PV Narasimha Rao, a social democrat and hardcore pragmatist

One of the statesmen-politicians of India, PV Narasimha Rao’s term as Prime Minister was one of the most transformative periods in the history of post-independent India

By   |  PV Prabhakar Rao  |  Published: 2nd Aug 2020  12:04 amUpdated: 1st Aug 2020  10:46 pm
File photo of former prime minister P V Narasimha Rao

(PV Narasimha Rao – A tribute by his son)

June 28, 2020, marked the 99th birth anniversary of PV Narasimha Rao, the former Prime Minister of India, whose term from 1991 to 1996 laid the foundation for the rapidly-growing Indian economy of today. One of the statesmen-politicians of India, Rao’s term as Prime Minister was one of the most transformative periods in the history of post-independent India.

Commitment to Rural Development

His birth in a farmer’s family, his upbringing in rural India, and his own experiments in agriculture as a progressive farmer left Rao with strong insights into the rural economy.

He realised that if the country has to grow, infrastructure has to grow, manufacturing has to grow for employment generation, but most importantly, there has to be a huge rural development programme. He never believed in piecemeal rural development. He advocated comprehensive and overall development of all the sectors contributing to the rural economy and rural welfare.

Rao wanted clean water to be made available, women empowerment through DWCRA, improvements in primary health, primary education, empowering of artisans, animal husbandry, poultry, small and tiny scale industry, khadi and village industry, textiles, in fact, improvements in every possible sector. Implementing such schemes for rural development would require huge funds. And so, the allocation of funds was increased to Rs 30,000 crore in the Eighth Plan from a mere Rs 7,000 crore in the Seventh Plan. Ambitious targets of Rs 60,000 crore were set for the Ninth Plan.

But where did these funds come from? The answer to this question comes from Rao’s vision for economic reforms. For the first time in the history of Independent India, he proposed that the large infrastructure projects, hitherto being funded by the State, instead be thrown open to the private sector and foreign investors. As a result, it became possible to utilise the thousands of crores, which would have been tied up in these projects, for rural development and social welfare. He used to say, “Let the top be taken care of by private funds and we will take care of the grassroots.” The idea was to create more wealth for the country which could be effectively and meaningfully distributed between development and welfare.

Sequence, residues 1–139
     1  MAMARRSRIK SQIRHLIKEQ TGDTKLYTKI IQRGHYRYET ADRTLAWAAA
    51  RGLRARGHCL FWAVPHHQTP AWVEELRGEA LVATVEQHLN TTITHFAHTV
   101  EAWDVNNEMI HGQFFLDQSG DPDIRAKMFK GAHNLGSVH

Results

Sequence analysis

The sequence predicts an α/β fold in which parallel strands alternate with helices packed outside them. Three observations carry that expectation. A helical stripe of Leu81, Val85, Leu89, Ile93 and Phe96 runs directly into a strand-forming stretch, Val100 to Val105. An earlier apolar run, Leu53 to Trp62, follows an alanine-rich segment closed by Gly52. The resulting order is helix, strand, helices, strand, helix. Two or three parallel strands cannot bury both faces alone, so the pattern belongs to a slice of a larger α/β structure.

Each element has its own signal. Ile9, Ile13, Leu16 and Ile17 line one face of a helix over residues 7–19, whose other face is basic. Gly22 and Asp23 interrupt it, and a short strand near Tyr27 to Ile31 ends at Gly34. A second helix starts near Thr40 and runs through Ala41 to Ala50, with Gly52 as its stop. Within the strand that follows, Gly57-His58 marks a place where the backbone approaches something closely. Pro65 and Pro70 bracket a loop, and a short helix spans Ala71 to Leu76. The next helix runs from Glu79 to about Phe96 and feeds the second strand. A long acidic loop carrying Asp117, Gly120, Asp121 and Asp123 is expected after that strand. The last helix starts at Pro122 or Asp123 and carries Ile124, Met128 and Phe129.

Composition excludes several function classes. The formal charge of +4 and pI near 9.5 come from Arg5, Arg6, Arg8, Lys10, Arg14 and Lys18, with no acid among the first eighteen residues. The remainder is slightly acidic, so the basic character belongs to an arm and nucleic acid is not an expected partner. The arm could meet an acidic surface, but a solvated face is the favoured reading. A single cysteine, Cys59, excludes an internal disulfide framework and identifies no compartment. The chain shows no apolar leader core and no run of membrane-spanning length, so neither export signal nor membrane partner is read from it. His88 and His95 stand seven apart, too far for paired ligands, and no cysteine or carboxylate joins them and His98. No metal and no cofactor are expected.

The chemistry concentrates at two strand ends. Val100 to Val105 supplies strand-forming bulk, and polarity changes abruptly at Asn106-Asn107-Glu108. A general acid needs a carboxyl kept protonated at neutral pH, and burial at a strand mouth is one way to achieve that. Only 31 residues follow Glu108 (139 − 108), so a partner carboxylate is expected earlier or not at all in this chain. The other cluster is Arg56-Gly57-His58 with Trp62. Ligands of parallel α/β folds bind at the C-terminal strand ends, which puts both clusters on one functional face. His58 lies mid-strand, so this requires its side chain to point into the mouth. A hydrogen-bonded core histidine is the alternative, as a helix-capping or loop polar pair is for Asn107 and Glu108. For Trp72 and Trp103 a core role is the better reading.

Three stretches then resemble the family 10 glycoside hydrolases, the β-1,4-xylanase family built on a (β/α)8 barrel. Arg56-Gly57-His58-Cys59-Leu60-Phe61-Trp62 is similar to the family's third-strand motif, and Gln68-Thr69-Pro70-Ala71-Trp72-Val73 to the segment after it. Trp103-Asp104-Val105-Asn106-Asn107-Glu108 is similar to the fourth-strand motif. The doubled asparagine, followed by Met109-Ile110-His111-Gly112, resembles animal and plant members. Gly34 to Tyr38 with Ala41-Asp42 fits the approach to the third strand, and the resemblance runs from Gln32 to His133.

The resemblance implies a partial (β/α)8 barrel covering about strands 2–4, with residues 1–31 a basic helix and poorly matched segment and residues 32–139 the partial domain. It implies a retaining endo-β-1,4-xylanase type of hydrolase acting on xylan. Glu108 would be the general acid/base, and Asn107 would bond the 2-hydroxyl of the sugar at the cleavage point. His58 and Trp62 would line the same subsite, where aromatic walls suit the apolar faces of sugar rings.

PV – Socialist or Capitalist?

Naysayers have often accused the first generation economic reforms of 1991, and Rao, of being pro-capitalist.

As evinced by the concept of ‘reforms with a human face’, and with his personal commitment to rural development, it is clear that the reforms were neither capitalist nor socialist. If increasing the wealth of the nation is a capitalist idea, then the appropriate redistribution of such wealth amongst the people is a form of socialism. Both go hand-in-hand.

So was Rao a socialist who went astray? Was he a capitalist? Did he stay a staunch socialist? In my analysis, he was a social democrat who believed in hardcore pragmatism. Ultimately, no ‘ism’ mattered to him as long as his policies yielded results and benefited the poorest of the poor. The vision of the economic reforms was ultimately to improve the lot of India’s economically backward population.

Rao braved many brickbats in attaining his vision. He was aware of the strong socialist-capitalist criticism he was facing, but did not care as long as the common man benefited. He quipped during the Tata Memorial Lecture 1999: “I lost one job pursuing a so-called socialist policy, and as though to compensate that, I lost the second one pursuing the capitalist policy!”

A great patriot-statesman

Rao once said, “I have been a doer throughout my life, less of a talker and very few to talk for me.”

In the years after his term as the Prime Minister, this has largely been true. Rao has been ignored at best, and unfairly vilified at worst. It is only now that India is waking up to the fact that this man’s foresight and vision paved the way to a better and greatly improved (and still improving) India.

He spelled out the most important decisions post-Independence, so much so that if someone sits down to write the history of post-Independence India, he will have to write it in two parts – pre Narasimha Rao’s term as PM and post Narasimha Rao’s prime ministership. The result of his efforts is that the foreign exchange, which was hovering around Rs 3,000 crore in 1991 increased 15-fold by 1996. GDP grew from 3.5% to 7-7.5% There was substantial increase in growth figures of industry, agriculture and exports and the inflation almost halved from the double-digit figures of 1991. The benefits of his policies are still being enjoyed by the average Indian.

PV Narasimha Rao
PV Prabhakar Rao

The name PV Narasimha Rao brings to our mind attributes like intellectual excellence, exceptional political sagacity, and a man of learning. Above all, it carries the image of a great Prime Minister who changed the destiny of millions of Indians through his policies. It is time we honoured the man who spent his life serving his country and his fellow-citizens by awarding him the Bharat Ratna.


(The author is president of Swami Ramananda Tirtha Institute of Socio-Economic Research and National Integration, a member of Swami Ramananda Tirtha Memorial Committee, and Managing Director of a not-for-profit company he started in the name of his father, statesman politician PV Narasimha Rao)

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